In some cases, your insurance company will pay the hospital, car mechanic, or other service provider directly. In other cases, you are expected to pay these expenses out of your own pocket, and the company will reimburse you for covered expenses. Keep a record of all related expenses. Potential out-of-pocket costs might include medical and hospital bills, car repair bills, rental car charges, and lost wages. Since you will no doubt need receipts in order to be reimbursed, it’s wise to keep copies of these and all other documents in a safe location. In fact, you may find it very useful to keep a record or journal of all your dealings relating to the accident.
Understand the role of the insurance adjuster

Your insurance company will assign an adjuster to your case who will be in charge of investigating and making recommendations regarding the settlement of your claim. An appraiser will likely look at and photograph the damage to your car, and you may have to contact a repairshop to get a written estimate (sometimes the adjuster does this). You may receive money right away (after satisfying your deductible) or the claim may be held up, depending on how complicated the situation is. If you feel that the settlement offer is too low, you can appeal it to the insurance company. You’ll have to support your case, but you may be able to get a larger settlement.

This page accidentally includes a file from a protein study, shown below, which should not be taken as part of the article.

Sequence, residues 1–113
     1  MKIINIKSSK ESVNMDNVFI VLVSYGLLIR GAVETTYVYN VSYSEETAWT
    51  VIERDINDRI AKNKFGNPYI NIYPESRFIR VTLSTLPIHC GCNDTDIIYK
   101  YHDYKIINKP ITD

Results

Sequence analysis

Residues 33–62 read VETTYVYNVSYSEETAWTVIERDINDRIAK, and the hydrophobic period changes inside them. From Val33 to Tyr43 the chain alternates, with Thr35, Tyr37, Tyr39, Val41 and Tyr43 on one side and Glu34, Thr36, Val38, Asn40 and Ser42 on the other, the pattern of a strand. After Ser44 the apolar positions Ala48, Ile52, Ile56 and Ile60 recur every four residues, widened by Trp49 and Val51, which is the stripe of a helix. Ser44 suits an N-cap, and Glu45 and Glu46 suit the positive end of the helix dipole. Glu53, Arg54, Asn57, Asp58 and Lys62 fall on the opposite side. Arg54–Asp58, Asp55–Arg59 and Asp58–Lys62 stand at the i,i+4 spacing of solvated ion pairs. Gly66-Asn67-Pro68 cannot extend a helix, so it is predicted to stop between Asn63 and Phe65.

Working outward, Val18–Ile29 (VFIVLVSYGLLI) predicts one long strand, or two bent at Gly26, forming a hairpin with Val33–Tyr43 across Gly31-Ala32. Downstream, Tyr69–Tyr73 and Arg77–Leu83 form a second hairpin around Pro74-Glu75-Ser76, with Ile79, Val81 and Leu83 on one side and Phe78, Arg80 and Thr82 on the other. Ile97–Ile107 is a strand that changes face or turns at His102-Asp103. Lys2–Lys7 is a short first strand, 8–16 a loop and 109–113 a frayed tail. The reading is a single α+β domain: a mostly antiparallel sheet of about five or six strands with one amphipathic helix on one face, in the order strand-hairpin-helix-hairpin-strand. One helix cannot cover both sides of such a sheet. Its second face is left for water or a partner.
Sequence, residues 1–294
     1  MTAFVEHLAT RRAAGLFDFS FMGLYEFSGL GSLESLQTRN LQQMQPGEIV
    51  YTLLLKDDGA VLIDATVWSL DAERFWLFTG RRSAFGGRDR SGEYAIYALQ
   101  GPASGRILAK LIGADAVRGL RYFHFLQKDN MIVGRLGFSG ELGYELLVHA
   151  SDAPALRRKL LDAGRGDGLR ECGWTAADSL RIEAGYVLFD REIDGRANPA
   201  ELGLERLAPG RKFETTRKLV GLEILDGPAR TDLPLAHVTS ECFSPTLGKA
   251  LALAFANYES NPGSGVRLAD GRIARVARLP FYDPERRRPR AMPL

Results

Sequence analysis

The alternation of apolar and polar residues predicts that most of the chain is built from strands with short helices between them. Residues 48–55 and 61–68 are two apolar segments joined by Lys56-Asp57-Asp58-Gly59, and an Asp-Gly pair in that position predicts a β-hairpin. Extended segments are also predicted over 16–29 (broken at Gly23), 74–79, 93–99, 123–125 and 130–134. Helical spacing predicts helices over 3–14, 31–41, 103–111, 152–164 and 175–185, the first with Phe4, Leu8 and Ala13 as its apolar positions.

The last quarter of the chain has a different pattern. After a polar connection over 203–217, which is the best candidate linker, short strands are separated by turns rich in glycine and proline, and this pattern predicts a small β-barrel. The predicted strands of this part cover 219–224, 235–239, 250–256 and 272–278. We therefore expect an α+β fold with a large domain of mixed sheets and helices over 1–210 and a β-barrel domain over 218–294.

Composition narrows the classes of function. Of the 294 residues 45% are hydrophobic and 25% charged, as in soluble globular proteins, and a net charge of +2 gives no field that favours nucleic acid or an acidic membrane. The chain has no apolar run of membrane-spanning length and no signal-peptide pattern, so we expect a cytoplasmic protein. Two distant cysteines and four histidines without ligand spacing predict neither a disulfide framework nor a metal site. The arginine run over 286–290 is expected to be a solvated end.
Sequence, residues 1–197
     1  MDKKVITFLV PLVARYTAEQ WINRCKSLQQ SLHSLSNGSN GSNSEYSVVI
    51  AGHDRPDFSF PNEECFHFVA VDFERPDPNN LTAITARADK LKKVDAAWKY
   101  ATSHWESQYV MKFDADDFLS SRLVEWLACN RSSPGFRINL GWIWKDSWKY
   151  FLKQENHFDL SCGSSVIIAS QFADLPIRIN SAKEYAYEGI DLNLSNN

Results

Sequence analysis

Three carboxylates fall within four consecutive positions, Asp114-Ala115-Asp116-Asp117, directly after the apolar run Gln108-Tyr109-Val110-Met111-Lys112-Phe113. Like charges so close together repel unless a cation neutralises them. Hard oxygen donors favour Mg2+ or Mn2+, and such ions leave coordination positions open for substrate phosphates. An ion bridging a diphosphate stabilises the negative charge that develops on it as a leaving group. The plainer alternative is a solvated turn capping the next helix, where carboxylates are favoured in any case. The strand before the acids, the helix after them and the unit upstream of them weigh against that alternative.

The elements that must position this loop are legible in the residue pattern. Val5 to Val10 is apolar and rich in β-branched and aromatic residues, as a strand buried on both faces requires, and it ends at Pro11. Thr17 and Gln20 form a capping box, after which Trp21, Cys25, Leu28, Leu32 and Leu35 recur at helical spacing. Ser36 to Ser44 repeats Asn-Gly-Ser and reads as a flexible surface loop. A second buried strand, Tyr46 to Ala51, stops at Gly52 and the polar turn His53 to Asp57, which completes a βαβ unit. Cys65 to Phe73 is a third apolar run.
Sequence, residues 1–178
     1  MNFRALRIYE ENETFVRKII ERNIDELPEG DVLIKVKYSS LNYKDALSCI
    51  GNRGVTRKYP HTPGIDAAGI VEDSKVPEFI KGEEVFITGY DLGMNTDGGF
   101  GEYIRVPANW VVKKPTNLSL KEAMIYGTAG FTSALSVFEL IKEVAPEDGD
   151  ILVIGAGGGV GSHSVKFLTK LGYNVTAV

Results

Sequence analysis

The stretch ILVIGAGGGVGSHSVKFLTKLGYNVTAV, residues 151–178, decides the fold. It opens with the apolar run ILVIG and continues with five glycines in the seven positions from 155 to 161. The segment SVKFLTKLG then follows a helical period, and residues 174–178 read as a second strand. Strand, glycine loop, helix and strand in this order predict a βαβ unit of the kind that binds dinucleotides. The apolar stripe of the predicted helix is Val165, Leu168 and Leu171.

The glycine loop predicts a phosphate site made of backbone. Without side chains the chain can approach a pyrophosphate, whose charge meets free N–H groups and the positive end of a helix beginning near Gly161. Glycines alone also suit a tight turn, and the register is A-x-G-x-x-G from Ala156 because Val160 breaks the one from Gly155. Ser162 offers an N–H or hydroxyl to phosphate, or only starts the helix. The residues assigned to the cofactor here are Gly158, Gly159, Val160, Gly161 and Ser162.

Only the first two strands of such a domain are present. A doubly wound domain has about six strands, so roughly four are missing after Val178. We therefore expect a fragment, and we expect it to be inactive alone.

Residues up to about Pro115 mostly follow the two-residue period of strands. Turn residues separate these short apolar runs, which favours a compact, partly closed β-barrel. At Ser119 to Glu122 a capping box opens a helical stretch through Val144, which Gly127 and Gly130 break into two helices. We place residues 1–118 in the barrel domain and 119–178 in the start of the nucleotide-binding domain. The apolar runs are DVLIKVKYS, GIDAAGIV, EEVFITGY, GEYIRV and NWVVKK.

Don’t forget your other insurance

Finally, don’t forget that other types of insurance (e.g., health, homeowners) may cover certain losses resulting from an auto accident that are not covered by your auto insurance, depending on the type of loss and other circumstances.

This material was prepared by Broadridge Investor Communication Solutions, Inc., and does not necessarily represent the views of John Jastremski, Jeremy Keating, Erik J Larsen, Frank Esposito, Patrick Ray, Robert Welsch, Michael Reese, Brent Wolf, Andy Starostecki and The Retirement Group or FSC Financial Corp. This information should not be construed as investment advice. Neither the named Representatives nor Broker/Dealer gives tax or legal advice. All information is believed to be from reliable sources; however, we make no representation as to its completeness or accuracy. The publisher is not engaged in rendering legal, accounting or other professional services. If other expert assistance is needed, the reader is advised to engage the services of a competent professional. Please consult your Financial Advisor for further information or call 800-900-5867.

The Retirement Group is not affiliated with nor endorsed by fidelity.com, netbenefits.fidelity.com, hewitt.com, resources.hewitt.com,  access.att.com, ING Retirement, AT&T, Qwest, Chevron, Hughes, Northrop Grumman, Raytheon, ExxonMobil, Glaxosmithkline, Merck, Pfizer, Verizon, Bank of America, Alcatel-Lucent or by your employer. We are an independent financial advisory group that specializes in transition planning and lump sum distribution. Please call our office at 800-900-5867 if you have additional questions or need help in the retirement planning process.

John Jastremski is a Representative with FSC Securities and may be reached at http://www.theretirementgroup.com.

Advertisements

Comments are closed.

%d bloggers like this: